› The Rider Director Chloe Zhao
› Bing Liu of Minding the Gap
› Petra Volpe of Divine Order
› Filmmaker Denis Villeneuve
› Filmmaker Darren Aronofsky
› Lake Bell Talks Making Films
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The trailer has been playing in theaters for nearly a month now, and with the release of The Purge: Anarchy coming this weekend, Universal Pictures has finally decided to unleash the trailer for their next horror venture Ouija. Inspired by the creepy, supernatural "board game" of the same name, the film follows a group of friends who get caught up in the dark powers of this mystical board, forcing each of them to confront unimaginable horrors. Actually, by the looks of this trailer, the horrors are pretty basic, and don't really offer anything in the vein of a promising story. It just hits every cliche in the book pretty hard. Watch!
We're bound to get a huge first look at The Avengers: Age of Ultron next week at Comic-Con in San Diego, but until then we have our first look at the titular villain and his robot army thanks to the new cover of Entertainment Weekly. James Spader plays the bad buy, but there's no site of him since Ulton just looks like an alien version of Iron Man. Speaking of which, the cover also features a glimpse at a new suit for Tony Stark (Robert Downey Jr.) and also his patriotic partner Captain America (Chris Evans). Expect some more images to surface soon and plenty more news tom come out of Comic-Con next week. Look now!
Following the release of the teaser trailer earlier this week, word comes from ComingSoon that Alexandre Aja's adaptation of Horns led by Harry Potter franchise star Daniel Radcliffe will hit theaters in the United States on October 31st. That was the same date for the film's debut in the United Kingdom, but it wasn't clear until now if that release would be the same here as well. Along with that news comes a cool new teaser poster, one that's much better than the newspaper headline teaser from across the pond. It doesn't even use Radcliffe's face this time, and it's more than a little ominous with that dark, horned figure. Hopefully we'll have more to say about the film after its Comic-Con panel next week in San Diego. Look!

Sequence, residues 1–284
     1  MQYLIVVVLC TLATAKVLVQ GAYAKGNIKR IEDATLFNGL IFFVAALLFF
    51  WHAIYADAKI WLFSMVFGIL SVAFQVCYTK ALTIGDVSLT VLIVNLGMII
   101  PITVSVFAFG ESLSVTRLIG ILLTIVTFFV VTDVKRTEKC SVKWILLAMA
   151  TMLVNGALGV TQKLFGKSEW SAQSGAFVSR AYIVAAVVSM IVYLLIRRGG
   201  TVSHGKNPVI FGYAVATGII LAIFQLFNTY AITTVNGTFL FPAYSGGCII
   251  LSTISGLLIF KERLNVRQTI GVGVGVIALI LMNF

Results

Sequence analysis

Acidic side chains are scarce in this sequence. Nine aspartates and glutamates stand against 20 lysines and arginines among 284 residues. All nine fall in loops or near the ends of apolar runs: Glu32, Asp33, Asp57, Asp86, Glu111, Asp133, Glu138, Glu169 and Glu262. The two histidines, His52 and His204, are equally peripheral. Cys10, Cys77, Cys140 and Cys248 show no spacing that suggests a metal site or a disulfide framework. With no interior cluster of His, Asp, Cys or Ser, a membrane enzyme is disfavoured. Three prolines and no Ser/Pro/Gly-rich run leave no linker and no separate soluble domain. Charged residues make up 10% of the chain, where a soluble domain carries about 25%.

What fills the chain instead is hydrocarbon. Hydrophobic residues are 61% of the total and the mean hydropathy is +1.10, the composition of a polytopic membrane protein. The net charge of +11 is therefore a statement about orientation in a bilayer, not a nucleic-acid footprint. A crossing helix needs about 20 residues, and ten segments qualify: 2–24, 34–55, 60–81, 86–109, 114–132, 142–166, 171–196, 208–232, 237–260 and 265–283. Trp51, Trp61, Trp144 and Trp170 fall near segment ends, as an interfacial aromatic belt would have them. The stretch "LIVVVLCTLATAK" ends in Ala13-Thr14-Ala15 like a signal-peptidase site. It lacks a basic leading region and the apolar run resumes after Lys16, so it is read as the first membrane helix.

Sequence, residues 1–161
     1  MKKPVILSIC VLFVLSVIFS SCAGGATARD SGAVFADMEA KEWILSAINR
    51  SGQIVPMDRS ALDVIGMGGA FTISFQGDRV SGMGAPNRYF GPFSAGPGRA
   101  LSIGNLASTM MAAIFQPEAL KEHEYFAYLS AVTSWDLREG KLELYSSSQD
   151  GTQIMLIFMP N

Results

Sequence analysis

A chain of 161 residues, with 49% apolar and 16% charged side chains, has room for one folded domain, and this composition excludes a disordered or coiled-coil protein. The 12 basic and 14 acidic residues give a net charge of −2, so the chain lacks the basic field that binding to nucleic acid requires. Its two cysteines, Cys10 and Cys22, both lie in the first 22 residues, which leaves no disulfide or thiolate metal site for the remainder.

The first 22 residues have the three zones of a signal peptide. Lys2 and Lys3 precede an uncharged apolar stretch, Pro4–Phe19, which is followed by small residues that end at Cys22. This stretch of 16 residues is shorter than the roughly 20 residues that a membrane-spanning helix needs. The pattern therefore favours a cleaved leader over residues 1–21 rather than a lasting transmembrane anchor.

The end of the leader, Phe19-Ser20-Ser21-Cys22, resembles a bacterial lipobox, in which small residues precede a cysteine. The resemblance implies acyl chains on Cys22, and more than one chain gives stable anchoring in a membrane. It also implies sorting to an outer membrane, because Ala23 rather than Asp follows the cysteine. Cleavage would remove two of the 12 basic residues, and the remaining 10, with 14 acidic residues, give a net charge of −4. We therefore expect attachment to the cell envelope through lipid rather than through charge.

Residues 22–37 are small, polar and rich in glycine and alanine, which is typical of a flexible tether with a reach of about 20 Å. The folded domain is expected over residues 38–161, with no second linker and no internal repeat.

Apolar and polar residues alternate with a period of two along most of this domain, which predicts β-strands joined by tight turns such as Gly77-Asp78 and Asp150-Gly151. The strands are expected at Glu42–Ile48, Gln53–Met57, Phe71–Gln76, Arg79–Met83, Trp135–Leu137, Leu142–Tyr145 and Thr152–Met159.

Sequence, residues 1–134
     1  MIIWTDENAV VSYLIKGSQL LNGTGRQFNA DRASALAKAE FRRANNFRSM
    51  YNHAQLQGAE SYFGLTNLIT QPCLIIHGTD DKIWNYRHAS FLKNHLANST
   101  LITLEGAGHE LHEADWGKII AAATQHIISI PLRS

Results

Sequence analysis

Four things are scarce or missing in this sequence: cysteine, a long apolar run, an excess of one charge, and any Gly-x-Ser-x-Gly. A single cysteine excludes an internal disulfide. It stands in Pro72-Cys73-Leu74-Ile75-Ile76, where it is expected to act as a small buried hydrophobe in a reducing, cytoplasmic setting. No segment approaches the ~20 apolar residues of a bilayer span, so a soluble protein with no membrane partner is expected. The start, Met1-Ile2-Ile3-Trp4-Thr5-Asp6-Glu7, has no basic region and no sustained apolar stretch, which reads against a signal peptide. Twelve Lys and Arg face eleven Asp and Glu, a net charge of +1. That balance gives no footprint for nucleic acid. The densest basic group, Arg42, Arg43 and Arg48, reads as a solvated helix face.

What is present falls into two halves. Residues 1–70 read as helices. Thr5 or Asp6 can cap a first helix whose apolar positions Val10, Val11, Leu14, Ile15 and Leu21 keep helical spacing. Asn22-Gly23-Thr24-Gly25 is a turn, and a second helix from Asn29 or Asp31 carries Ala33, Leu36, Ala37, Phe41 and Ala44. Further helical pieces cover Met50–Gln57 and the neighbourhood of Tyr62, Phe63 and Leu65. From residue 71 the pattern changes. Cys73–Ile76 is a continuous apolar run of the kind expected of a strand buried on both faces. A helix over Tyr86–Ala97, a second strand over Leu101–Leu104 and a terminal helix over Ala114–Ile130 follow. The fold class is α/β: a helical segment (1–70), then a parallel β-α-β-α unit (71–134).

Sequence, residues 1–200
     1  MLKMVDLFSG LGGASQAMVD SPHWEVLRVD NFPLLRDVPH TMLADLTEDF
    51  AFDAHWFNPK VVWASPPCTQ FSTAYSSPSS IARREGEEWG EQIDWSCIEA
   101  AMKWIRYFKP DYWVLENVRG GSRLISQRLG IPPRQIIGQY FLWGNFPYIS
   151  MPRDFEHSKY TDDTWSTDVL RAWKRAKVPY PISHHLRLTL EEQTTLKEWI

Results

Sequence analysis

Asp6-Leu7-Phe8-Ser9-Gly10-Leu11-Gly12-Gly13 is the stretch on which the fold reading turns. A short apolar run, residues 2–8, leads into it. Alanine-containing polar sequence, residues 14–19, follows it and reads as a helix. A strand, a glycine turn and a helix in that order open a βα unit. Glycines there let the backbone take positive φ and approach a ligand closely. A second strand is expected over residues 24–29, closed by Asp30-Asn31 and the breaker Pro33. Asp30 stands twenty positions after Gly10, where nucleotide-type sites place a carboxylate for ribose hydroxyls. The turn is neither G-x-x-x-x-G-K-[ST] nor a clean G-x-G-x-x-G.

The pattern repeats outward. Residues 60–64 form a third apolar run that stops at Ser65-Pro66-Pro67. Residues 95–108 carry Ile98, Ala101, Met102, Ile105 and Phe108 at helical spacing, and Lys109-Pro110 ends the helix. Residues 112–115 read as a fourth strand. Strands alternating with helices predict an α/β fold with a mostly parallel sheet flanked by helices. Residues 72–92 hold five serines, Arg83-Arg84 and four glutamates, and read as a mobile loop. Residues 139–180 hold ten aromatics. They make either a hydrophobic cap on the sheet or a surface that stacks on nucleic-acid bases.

While Marvel and DC Comics are the top contenders in comic book movies, there are still some lesser known, but beloved, comic book titles that make their way to theaters every now and then. Now one more will make the journey as Valiant Comics has announced that they're adapting their series Archer & Armstrong to film. THR reports the comic book company commissioned a script themselves with friend of the site, BenDavid Grabinski, landing the job of writing it. The man has the perfect sensibility and love of buddy action movies to make this work. The film will also be produced by the Sean Daniel Company, which is also working on remakes of Ben-Hur and The Mummy right now. So what's this comic about? Read on!
Hot on the heels of the 50th anniversary re-release of the musical classic A Hard Day's Night, featuring the iconic British import The Beatles, it turns out The Fab Four have a new film on the way as well. Apple Corps Ltd, White Horse Pictures and Imagine Entertainment announced in a press release that they are teaming up to produce a documentary about the early party of The Beatles career. More specifically, it will focus on the touring years following the rock group from their early days in the Cavern Club in Liverpool to shows in Hamburg and all the way to their last public concert in Candlestick Park, San Francisco, in 1966.